Humans see faces everywhere – two dots on paper, a man in the moon, or Jesus in a bagel. This is known as pareidolia, and an interesting part of it is the corollary: it gets grim when you think about things like talking bacilli. Tiny Invaders is about an army of alien germs infesting human bodies, grinning and making goo-goo eyes every squelch of the way.
As anyone raised on How Your Body Works knows, human innards are mostly tubes and angry white blood cells, and in Tiny Invaders they're arranged in circuit-like patterns that overlap at many points. You shoot a number of germs (dependent on the level) along these tracks from a central 'invader', changing their route at intersections and gathering as many orbs as possible before returning to the launch point to drop them off.
Winning a level requires you to collect every orb, and golden orbs increase your number of germs by one when returned, so hitting the top completion times is a matter of picking the right path. Before each level starts there's as much time as you want to plan, and this simple touch is enough to keep the many swings and roundabouts of Tiny Invaders manageable – later levels are filled with speed pads, teleporters, and cloning objects that are almost too much to manage even when you have planned your germs' approach.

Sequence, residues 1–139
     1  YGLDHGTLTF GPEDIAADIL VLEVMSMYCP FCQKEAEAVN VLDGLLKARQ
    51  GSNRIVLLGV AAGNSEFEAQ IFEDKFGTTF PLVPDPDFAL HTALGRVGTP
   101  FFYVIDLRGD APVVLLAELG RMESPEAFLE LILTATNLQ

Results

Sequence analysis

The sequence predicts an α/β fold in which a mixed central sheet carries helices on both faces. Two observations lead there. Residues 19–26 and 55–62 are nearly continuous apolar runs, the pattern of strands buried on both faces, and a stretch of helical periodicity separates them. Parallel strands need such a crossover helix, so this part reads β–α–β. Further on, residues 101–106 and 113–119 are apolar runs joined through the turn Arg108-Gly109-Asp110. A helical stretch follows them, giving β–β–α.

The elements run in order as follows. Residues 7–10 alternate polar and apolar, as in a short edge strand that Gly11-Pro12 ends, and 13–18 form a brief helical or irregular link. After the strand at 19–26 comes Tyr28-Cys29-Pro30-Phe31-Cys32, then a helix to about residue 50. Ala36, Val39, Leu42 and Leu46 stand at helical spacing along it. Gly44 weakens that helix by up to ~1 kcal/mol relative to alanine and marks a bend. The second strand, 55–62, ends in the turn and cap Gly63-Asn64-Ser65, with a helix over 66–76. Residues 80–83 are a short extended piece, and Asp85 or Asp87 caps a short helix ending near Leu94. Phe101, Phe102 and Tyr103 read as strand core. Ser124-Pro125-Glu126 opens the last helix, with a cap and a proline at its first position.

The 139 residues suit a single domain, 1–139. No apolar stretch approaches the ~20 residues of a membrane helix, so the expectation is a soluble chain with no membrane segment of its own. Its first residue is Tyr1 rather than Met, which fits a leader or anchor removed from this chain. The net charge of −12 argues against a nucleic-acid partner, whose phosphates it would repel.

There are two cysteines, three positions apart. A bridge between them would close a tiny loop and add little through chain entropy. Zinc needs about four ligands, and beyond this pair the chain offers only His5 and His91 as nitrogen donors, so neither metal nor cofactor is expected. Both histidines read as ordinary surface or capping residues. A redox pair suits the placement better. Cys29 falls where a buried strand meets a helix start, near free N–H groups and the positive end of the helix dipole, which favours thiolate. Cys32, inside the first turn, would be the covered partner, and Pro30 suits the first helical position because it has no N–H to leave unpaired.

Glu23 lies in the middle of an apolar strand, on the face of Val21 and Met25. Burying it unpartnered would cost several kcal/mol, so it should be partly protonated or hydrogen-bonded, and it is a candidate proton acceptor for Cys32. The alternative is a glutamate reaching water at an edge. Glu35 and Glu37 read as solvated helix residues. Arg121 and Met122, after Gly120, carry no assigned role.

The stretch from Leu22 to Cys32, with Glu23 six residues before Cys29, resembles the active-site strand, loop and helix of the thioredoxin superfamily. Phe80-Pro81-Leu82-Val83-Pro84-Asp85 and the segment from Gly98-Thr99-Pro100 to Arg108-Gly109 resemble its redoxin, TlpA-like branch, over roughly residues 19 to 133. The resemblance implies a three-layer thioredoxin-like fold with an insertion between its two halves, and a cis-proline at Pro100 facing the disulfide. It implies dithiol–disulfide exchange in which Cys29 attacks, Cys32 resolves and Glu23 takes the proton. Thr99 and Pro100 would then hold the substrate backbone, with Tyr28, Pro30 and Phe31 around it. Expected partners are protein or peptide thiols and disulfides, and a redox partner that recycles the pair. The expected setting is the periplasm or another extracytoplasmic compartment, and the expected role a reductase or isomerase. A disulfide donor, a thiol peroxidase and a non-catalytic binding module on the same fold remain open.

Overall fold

Tiny Invaders' only misstep is in detecting your taps in these more frantic moments. Tapping is used for both speeding up and switching gates, and when the distinction between these two is fine then the game seems to get it wrong as much as you do, barrelling an innocent party of germs into antibodies one too many times for our liking.
That said, the best pleasure in Tiny Invaders isn't really the white-knuckle action. It's those moments spent mentally sketching its levels out before launching into them and executing perfectly – or getting smooshed. Infesting humans slowly and inexorably with an army of cheerful germs – Tiny Invaders isn't perfect, but it definitely brings a smile to your face.